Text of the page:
new to indian cooking1

New to Indian Cooking

If you’ve been wanting to try your hand at cooking Indian food but feel intimidated by the variety of spices, don’t worry it’s not as daunting as it may seem. 

When mid-winter arrives, I crave comfort food. While I used to turn to dishes from my childhood, my tastes have expanded over time. Furthermore, in college, I started exploring different cuisines, and Indian food quickly became a favorite. Its wide variety and flexibility make it a great option for experimenting with new flavors and ingredients. However, I was initially intimidated by the array of spices and ingredients required for this type of cooking.

My journey into learning how to cook Indian food began when I met a neighbor from India. At first, I invited her for dinner and made a roasted chicken with apples and prunes, a familiar dish for me but exotic for her. This encounter sparked a connection that would soon blossom into a unique opportunity for cultural exchange.
Subsequently, in exchange for my hospitality, my neighbor, Priya, offered to teach me how to make a basic curry. This simple swap ignited my interest in exploring the world of Indian spices and ingredients. The prospect of learning to cook a new cuisine was both exciting and intimidating, but my curiosity and enthusiasm overpowered any initial hesitation.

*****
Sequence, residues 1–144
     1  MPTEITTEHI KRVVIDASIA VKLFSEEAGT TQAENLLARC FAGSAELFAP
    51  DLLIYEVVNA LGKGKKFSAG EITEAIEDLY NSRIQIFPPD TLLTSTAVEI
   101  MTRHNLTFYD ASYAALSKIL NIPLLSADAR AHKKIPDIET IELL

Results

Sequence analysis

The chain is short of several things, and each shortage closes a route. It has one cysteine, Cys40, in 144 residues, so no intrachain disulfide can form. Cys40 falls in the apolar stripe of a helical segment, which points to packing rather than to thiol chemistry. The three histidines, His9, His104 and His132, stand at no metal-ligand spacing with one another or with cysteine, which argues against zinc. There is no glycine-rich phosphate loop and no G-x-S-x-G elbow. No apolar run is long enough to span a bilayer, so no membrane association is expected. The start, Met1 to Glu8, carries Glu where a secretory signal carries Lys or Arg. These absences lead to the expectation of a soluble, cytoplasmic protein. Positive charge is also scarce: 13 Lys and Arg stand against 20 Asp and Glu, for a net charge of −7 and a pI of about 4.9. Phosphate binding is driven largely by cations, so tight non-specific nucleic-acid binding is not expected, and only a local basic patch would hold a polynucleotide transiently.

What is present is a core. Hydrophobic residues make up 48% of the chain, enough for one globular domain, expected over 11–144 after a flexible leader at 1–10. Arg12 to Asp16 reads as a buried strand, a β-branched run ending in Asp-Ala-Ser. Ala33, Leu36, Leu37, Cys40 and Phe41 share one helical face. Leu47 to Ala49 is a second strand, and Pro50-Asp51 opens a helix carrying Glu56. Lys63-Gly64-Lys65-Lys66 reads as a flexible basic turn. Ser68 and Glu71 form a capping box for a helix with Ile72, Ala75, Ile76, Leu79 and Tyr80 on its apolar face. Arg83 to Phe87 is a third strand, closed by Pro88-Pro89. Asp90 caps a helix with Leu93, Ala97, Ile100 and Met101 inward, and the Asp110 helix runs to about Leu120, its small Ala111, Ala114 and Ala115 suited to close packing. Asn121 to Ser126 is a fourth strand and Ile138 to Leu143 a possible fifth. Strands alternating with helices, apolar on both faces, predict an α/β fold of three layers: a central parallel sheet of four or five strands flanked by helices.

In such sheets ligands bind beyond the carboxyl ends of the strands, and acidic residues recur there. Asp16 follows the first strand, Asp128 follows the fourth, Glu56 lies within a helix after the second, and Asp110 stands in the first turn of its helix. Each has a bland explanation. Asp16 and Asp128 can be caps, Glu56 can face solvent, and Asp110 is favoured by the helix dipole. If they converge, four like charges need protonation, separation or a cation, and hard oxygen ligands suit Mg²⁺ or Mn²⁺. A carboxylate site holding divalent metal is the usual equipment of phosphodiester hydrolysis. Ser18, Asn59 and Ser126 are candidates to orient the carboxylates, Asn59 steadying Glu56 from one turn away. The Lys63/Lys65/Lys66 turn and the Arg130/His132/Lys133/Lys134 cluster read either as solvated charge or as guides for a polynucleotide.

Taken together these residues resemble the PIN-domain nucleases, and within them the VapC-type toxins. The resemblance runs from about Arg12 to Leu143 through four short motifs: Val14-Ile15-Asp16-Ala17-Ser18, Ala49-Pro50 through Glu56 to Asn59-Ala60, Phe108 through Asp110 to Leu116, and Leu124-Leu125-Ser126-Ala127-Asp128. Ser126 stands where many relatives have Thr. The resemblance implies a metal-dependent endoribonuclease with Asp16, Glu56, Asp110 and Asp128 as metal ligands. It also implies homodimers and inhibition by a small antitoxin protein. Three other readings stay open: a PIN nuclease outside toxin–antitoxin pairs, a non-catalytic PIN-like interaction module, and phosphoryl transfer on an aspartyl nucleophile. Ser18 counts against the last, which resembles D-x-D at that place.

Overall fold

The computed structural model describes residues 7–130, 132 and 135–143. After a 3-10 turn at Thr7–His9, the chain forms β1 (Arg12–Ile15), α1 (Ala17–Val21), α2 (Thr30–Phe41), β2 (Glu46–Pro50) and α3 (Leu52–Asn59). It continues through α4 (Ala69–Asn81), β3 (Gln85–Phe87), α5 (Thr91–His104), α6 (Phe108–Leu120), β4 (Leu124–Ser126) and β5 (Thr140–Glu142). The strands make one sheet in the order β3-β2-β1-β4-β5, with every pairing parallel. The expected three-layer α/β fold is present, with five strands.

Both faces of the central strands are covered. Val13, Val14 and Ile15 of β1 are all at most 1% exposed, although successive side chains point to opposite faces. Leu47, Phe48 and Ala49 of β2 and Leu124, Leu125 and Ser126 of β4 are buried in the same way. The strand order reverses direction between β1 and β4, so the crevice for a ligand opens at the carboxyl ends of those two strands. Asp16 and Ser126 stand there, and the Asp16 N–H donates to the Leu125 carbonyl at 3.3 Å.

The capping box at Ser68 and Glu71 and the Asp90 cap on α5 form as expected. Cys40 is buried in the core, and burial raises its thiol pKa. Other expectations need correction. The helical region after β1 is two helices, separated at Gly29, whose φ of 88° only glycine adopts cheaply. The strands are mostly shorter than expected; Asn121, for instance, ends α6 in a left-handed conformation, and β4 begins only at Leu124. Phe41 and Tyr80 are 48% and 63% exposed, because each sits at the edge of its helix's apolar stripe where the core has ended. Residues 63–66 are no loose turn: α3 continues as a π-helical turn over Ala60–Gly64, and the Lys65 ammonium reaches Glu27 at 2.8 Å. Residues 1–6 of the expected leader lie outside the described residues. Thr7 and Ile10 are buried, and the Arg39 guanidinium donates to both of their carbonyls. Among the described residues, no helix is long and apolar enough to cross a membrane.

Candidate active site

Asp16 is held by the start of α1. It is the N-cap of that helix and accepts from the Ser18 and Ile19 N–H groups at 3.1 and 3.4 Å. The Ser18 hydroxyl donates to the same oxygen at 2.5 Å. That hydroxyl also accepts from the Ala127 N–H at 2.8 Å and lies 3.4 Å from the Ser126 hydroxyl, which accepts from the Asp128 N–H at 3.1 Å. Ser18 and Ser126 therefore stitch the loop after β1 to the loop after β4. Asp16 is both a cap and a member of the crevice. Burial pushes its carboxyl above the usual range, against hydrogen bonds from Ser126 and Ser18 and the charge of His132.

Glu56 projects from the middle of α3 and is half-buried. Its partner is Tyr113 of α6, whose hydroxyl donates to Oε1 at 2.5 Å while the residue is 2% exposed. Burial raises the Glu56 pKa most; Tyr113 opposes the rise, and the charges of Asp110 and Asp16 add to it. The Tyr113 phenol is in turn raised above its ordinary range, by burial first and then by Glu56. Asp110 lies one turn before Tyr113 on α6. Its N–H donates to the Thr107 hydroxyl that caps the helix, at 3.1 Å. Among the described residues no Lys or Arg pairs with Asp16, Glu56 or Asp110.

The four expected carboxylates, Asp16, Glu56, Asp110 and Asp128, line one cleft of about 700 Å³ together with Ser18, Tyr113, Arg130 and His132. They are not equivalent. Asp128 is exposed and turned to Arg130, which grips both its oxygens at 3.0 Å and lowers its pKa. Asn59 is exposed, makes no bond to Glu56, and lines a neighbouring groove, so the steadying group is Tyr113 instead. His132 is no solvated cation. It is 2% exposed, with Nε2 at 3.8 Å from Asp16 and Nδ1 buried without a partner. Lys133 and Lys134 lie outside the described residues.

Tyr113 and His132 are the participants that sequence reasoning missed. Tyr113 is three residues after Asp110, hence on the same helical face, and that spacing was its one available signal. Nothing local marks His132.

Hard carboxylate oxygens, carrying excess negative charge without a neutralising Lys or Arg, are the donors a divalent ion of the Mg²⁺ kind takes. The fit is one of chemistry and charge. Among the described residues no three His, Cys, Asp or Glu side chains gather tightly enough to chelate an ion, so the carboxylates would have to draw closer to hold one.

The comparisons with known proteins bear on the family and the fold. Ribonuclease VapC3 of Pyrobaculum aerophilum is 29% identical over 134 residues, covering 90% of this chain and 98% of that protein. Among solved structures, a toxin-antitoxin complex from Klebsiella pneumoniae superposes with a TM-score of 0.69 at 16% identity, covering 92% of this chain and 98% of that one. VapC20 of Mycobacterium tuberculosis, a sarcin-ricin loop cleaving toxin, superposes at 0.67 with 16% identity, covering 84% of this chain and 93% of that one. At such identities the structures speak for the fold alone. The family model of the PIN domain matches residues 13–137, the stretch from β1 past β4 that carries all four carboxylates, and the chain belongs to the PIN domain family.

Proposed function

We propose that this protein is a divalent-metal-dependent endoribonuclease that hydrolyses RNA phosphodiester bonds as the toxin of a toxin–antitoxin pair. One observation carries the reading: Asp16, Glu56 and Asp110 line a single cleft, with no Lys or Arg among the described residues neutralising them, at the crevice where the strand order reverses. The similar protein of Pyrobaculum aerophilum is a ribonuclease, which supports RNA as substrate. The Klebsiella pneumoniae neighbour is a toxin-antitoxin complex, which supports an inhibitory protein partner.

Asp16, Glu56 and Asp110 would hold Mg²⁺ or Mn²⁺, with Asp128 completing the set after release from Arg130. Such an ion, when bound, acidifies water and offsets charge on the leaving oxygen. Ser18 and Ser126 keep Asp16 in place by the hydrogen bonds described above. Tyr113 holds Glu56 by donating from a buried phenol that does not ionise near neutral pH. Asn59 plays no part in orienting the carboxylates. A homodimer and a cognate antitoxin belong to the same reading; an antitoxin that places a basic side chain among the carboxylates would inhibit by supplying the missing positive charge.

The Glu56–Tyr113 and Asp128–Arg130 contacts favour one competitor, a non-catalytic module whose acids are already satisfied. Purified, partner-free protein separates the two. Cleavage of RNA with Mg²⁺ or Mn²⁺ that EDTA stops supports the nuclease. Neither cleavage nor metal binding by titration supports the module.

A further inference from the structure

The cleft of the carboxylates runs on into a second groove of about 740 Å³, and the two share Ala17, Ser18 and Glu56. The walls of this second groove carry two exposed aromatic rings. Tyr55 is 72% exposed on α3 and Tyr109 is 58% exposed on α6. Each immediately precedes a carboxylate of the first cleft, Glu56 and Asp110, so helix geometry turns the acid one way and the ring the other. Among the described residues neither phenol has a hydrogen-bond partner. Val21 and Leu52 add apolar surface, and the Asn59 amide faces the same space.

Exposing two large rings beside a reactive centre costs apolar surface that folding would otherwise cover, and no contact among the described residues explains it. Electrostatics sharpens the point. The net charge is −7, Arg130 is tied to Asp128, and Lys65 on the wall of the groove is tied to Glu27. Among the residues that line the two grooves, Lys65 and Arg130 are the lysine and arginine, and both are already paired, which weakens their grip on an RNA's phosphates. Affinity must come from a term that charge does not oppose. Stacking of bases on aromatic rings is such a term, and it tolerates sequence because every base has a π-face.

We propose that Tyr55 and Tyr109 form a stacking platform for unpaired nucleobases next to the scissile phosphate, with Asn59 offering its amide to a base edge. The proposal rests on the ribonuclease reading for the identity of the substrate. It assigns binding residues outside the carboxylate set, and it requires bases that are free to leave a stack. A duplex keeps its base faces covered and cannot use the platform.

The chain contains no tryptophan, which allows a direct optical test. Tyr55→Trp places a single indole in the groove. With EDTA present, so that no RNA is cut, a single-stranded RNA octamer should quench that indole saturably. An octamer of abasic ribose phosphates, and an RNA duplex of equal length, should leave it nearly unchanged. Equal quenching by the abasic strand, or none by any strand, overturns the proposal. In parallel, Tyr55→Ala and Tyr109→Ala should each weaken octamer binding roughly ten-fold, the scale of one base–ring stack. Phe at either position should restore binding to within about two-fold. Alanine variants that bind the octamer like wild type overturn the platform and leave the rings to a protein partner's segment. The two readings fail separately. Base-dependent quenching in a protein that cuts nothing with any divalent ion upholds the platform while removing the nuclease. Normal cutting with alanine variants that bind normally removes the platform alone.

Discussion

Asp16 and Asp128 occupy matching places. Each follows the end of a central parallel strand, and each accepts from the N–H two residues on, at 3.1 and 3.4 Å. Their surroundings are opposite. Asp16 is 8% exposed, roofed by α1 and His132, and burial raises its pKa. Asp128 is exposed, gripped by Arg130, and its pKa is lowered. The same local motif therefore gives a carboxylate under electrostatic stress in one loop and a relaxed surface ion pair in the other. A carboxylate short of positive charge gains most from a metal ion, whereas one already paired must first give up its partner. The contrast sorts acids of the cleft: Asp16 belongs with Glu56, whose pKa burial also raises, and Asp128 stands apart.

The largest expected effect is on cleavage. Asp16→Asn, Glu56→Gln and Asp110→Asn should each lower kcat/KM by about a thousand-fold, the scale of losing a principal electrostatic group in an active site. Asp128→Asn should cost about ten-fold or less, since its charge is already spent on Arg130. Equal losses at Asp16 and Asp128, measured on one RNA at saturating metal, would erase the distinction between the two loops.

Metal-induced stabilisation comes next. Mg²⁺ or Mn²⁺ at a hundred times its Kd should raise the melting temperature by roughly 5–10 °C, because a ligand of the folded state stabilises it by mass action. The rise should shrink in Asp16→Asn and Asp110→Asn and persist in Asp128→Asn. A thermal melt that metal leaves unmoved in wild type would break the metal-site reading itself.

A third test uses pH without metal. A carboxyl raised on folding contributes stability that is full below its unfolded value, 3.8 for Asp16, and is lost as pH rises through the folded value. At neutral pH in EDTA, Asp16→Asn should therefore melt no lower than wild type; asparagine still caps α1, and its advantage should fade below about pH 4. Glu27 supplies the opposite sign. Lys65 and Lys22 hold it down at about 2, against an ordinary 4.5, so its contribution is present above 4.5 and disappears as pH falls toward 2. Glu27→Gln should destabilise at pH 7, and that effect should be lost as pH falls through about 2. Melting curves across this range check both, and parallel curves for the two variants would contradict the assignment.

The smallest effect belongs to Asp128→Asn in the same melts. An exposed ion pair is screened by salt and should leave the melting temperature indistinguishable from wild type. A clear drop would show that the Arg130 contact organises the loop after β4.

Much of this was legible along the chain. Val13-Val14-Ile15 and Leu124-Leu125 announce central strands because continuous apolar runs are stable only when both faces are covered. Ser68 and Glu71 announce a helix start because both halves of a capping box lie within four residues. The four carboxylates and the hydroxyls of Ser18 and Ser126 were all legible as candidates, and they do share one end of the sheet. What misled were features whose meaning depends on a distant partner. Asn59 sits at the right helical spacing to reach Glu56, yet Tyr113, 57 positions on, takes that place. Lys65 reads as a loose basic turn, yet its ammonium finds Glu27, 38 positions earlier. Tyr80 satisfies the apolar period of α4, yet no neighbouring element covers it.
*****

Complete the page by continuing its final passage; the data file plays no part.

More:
My neighbor took me to a small Indian store and helped me to buy my staples. Thereafter, these staples became a base for my future explorations into recipes I was interested in.

Here is what I started with:

  • rice (either Basmati or Jasmin)
  • lentils (yellow lentils (moong dal), red lentils (masoor dal))

Basic spices:

  • garam masala
  • curry powder
  • coriander seeds (ground)
  • mustard seeds
  • cumin (ground)
  • turmeric (ground)

The first recipes I made with her help were:

Indian Moong Dal

Indian Chicken Curry

Remaining ingredients necessary to make these recipes were easily available in my grocery store.

Looking back, I realize that the simplicity and affordability of the staple ingredients were crucial in helping me gain confidence in my Indian cooking skills. A long list of expensive, unfamiliar ingredients might have discouraged me, but by starting with a manageable set of basics, I was able to build my knowledge and abilities over time.

I hope that sharing my experience will encourage you to try your hand at Indian cooking. Don’t be afraid to start small and build your skills over time. Here are two more recipes to get you started:

Indian Butter Chicken

Aloo Gobi



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